The risks of piercing baby's ears parents should know about
Always be aware of the risks of any medical procedure, especially if it involves a child.
In Asia, it’s very common – in fact, almost the norm – to pierce baby girls’ ears. Sometimes this is even done very soon after birth. But like everything that is accepted as the norm, it’s good to question both risks and benefits. Is it really okay to pierce a baby’s ears as a newborn? What about baby ear piercing infection? Is there a best time to pierce a child’s ear? These are some of the questions we’ll answer for you in this article.
The answer isn’t clear among paeditricians, either. However, here at theAsianparent, we think it’s best to wait until your child receives at least her six-month vaccinations. That way, you’re reducing the possibility of tetanus and other blood-borne infections.
“When can I have my child’s ears pierced? Are there any risks involved?” These are common queries that Suzanne Rossi, a paediatrician, receives about ear-piercing by new parents during newborn wellness checks.
Dr Rossi wanted to find out more so she dove into the scientific literature about ear-piercing. Shockingly, she discovered that there hasn’t been substantial research about ear-piercing of infants.
However, she does note one solid guideline by The American Academy of Pediatrics (AAP).
The suggestion, which according to Rossi is “clearly the best way to reduce the risk ofbaby ear piercing infection” is to only pierce a child’s ears once they know how to look after the wound independently.
With ear-piercing, a 12- to 18-gauge needle is pricked through the child’s earlobe. A piece of jewellery is then placed into the resulting hole.
As ear-piercing involves penetrating the skin, a wound is produced. In general, the torn skin on the ear may lead to:
- An allergic reaction as the needle touches the skin
- Disfiguring the ear, which happens frequently with ear piercings in higher parts of the ear
- The wound recovering, which causes the the earring or clip to become lodged into the ear
- Having an infection which releases pus; infections occur in roughly 24% of ear piercings
- Developing keloids*, a harmless skin condition where scarred tissue grows over a healing wound
According to Rossi, a study conducted in 2005 showed that most patients suffered from keloids when their ears were pierced while they were at least 11 years old.
The scientists in the 2005 study had one core piece of advice to people who are vulnerable to keloids (either from previous occurrences or by tracking the family tree).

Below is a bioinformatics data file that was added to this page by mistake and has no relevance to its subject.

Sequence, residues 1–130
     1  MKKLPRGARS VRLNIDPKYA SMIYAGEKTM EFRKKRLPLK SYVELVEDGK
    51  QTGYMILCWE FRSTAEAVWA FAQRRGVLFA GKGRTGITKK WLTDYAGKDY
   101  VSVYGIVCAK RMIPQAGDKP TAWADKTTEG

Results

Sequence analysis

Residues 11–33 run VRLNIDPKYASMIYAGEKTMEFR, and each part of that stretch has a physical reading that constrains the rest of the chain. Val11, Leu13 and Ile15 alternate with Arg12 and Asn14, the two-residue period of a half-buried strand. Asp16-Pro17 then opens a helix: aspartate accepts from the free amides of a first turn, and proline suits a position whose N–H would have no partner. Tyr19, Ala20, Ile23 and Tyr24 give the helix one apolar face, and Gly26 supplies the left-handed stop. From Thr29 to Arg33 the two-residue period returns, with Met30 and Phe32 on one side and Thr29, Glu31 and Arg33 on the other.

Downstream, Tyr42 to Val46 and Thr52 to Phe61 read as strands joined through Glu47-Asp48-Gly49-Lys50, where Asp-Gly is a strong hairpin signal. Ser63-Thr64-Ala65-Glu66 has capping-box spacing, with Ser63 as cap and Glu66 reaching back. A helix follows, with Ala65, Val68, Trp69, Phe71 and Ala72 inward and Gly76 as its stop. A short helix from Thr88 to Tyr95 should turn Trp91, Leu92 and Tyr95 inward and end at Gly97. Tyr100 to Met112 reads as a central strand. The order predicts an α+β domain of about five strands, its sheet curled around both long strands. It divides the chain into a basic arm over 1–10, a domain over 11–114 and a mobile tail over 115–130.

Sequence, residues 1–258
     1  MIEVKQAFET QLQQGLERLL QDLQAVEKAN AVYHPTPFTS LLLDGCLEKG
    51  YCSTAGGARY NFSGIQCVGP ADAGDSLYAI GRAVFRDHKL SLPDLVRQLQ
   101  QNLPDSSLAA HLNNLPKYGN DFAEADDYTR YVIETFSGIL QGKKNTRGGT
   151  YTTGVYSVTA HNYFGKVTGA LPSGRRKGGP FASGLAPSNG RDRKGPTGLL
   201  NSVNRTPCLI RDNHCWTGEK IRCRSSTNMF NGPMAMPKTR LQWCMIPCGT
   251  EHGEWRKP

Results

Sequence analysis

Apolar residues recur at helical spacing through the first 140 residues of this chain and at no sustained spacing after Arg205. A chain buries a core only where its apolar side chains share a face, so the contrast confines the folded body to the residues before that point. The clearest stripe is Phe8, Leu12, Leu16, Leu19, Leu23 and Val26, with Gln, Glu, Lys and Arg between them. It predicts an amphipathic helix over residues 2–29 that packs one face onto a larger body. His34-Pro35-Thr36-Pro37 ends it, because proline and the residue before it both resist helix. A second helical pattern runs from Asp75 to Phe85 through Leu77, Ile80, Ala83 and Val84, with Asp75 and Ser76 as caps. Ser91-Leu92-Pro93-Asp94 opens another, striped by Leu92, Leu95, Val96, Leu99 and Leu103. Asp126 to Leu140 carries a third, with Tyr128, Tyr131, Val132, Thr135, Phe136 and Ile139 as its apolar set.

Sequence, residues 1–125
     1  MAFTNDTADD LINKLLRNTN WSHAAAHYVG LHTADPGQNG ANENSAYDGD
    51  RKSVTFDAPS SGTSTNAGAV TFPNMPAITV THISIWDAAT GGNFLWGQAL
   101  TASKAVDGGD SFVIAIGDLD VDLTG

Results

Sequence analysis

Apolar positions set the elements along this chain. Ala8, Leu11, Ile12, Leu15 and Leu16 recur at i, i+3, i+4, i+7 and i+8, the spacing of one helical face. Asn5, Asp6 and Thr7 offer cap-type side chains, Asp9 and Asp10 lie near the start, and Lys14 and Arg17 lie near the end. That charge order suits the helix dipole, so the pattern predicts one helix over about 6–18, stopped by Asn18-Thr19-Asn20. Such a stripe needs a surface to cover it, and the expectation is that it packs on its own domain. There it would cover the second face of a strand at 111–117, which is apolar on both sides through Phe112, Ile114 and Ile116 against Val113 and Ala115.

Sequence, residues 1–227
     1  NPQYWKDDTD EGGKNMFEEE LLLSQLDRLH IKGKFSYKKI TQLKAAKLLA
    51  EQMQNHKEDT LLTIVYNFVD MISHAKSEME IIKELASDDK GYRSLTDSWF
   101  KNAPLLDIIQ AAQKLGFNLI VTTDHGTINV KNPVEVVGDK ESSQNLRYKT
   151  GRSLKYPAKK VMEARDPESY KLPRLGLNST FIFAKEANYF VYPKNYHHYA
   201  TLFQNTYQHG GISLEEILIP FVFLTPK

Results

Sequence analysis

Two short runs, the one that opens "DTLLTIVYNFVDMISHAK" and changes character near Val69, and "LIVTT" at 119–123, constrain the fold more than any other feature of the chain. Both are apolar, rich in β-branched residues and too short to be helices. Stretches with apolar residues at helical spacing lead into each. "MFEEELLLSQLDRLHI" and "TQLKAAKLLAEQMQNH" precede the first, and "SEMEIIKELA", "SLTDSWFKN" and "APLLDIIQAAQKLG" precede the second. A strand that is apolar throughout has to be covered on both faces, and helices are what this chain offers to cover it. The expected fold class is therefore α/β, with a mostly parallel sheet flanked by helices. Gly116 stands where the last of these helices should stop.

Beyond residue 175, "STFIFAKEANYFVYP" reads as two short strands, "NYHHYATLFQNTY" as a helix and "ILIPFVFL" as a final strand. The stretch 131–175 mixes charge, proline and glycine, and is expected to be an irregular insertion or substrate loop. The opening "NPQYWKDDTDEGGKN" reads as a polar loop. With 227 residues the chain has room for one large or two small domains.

People at risk of keloids should not have their ears pierced, or have their ears pierced when they’re younger than 11 years old.
What’s more, parents with children who have congenital heart disease (CHD) may have to think twice about getting an ear-piercing. This is because people with CHD who acquire infections can experience much more serious consequences.
This is a large enough concern that in another study, 53% of medical personnel who were looking after patients affected by CHD frowned upon ear-piercing. Many of these medical professionals would also have advised antibiotic shots after getting an ear-piercing.
Knowing the risks with baby ear-piercing, you are now better informed to get it done safely, if this is something you choose to do. In Singapore, the risk of infection is very low, especially if a paediatrian does it for you. Still, it’s good to keep these safety tips in mind:
- Use gold earrings where possible. Jewellery made of gold can lessen the likelihood of triggering an allergic reaction and inflammation.
- If the paediatrician or clinic gives you an antibiotic cream, apply it religiously to the wound as per their instruction. This will lessen the likelihood of an infection.
- Help monitor that the earring doesn’t come off. The earring should stay on the ear for four to six weeks. Gently turn it every day.
- Always choose a reputable place to do your ear-piercing. Ensure that an experienced professional is piercing your child’s ear in the cleanest conditions possible.
Always remember to ask the paediatrician or clinic how to care for your baby’s piercing at home, including looking after a minor infection.
- yellow, pus-like discharge
- ongoing pain or tenderness
- itching and burning
Please show your baby to a paediatrician immediately if:
- The earring doesn’t move.
- The earring clasp is embedded in the skin.
- The infection doesn’t improve with home treatment within two days.
- Your baby gets a fever.
- The infection spreads beyond the piercing site (indicated by redness).